(Source Re: Tanking changes are based on a flawed pre
You're conflating two different problems, both related to AoE.
Problem 1: Mage uses Blizzard every pull. Starts to wonder what that Frostbolt button is for.
Problem 2: Warrior uses Thunder Clap every pull*. Starts to wonder what that Shield Slam button is for.
* - Yes, I know you need to TClap for the debuff, at least on dangerous
pulls. But the debuff lasts a long time. There is a big difference
between generating threat with Shield Slam / Devastate / Revenge and
using Thunder Clap for the debuff and just using Thunder Clap to
AoE balance for both dps and tanks (hell, for healers too for that
matter) is very delicate. If the numbers are too low, then it's never
effective to use them. BC felt like this for much of the duration. If
the numbers are too high, then it's always effective to use them,
particularly given how easy it is when you don't have to pick out
In both cases, the problems come down to repetition. Most endgame
players kill a lot monsters. When every fight feels similar, because you
approach it the same way with the same tools, then it's easy for
boredom to set in. Ideally, you'd go from say a 5 pull to a 2 pull to a
swarm to a single target boss to a 5 pull to a 3 pull to a boss with
adds, and so on. But even in that situation, if the pacing is too
predictable then you fall back into a pattern and boredom can get in
(Source Re: Holy Paladins - Compilation of Problems 4
I feel like we have done this several times and what many paladins are
looking for is not an explanation, but buffs. Nevertheless, I'll take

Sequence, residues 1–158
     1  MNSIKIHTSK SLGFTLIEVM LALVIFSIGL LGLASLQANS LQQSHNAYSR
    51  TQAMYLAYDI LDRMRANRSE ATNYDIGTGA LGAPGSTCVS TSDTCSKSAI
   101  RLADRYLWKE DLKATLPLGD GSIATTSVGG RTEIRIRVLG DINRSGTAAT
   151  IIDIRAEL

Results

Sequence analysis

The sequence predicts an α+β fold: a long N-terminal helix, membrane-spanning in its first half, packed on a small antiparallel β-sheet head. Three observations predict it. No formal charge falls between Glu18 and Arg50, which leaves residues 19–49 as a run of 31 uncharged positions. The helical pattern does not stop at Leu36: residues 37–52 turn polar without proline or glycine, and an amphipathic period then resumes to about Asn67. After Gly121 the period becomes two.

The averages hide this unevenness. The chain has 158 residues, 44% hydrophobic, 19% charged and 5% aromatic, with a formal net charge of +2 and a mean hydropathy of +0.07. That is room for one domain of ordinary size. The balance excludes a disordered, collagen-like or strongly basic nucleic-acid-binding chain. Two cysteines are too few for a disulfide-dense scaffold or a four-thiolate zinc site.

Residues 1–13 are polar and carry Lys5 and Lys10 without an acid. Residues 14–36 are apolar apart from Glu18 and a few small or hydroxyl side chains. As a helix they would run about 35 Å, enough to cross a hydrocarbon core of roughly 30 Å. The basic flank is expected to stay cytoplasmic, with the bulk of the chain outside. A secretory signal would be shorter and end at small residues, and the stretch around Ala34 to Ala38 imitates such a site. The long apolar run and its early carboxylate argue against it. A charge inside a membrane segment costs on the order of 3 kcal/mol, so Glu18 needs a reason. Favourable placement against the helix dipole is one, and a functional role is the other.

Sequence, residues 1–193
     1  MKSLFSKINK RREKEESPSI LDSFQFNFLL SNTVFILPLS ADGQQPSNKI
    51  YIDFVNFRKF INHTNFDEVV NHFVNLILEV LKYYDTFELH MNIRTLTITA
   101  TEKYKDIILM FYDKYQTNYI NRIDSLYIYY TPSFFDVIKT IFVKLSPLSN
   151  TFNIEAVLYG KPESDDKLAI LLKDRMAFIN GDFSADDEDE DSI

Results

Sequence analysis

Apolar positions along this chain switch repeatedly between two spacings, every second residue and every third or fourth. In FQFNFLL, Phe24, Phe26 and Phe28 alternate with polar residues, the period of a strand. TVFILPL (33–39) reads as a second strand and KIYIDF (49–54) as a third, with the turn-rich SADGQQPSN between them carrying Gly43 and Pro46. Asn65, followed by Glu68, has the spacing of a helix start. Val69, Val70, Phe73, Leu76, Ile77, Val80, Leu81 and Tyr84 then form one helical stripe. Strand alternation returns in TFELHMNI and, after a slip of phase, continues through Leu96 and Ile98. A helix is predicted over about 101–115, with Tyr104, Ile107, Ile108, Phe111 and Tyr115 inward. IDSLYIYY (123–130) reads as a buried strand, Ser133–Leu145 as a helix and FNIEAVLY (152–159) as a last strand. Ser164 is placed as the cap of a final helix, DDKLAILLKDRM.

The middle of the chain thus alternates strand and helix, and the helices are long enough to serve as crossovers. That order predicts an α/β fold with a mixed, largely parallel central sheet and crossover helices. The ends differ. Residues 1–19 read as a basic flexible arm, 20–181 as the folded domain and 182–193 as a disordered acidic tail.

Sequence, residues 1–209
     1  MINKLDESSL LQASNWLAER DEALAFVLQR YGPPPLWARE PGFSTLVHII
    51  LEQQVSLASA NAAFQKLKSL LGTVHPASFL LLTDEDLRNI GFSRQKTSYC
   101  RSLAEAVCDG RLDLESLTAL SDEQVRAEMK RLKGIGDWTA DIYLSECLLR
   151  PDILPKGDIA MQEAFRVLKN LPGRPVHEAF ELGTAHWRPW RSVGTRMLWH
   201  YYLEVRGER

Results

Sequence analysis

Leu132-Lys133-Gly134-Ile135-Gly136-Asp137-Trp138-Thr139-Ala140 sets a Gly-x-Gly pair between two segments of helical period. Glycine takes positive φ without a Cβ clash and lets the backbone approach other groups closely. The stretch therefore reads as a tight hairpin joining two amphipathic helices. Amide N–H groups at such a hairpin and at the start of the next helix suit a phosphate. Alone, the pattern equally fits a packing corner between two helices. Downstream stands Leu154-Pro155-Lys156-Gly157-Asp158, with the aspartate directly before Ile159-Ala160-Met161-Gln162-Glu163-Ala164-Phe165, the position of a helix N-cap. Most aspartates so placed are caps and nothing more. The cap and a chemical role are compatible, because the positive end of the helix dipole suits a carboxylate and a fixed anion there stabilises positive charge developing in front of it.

you at your word and try and boil down our design intent.
The BC and LK design of the Holy paladin was basically to use one or two
spells and get a lot of use out of them. This is sort of like the mage
dps design, where there aren't a lot of sources of damage, but there are
a lot of other factors (cooldowns, procs etc.) that make how you use
those spells more interesting. So rather than the paladin having 5
different heals, they pretty much used Flash of Light or Holy Light
(depending a little on what gear stats and encounters looked like at the
time) but with other spells to boost those heals, such as Beacon of
Light and Divine Favor, and then all the paladin support abilities, like
Paladins (all three specs really) were designed to be a really passive
class, with Protection doing a lot of passive threat generation (e.g.
Consecrate) and survivability (e.g. Ardent Defender), Ret doing a lot of
passive damage (e.g. Seal damage, Vengeance) and Holy doing a lot of
passive healing (e.g. Judgement of Light).
It made paladins play really differently for sure, but it was also kind
of boring. Because so much of what the class did was passive, players
weren't making a lot of choices. Because they weren't making a lot of
choices, there wasn't a huge difference between good and bad paladins
except gear. I don't really think any of the specs were as "faceroll" as
they often get labeled. However, the deltas between the good and bad
player weren't large enough -- great paladins were great and bad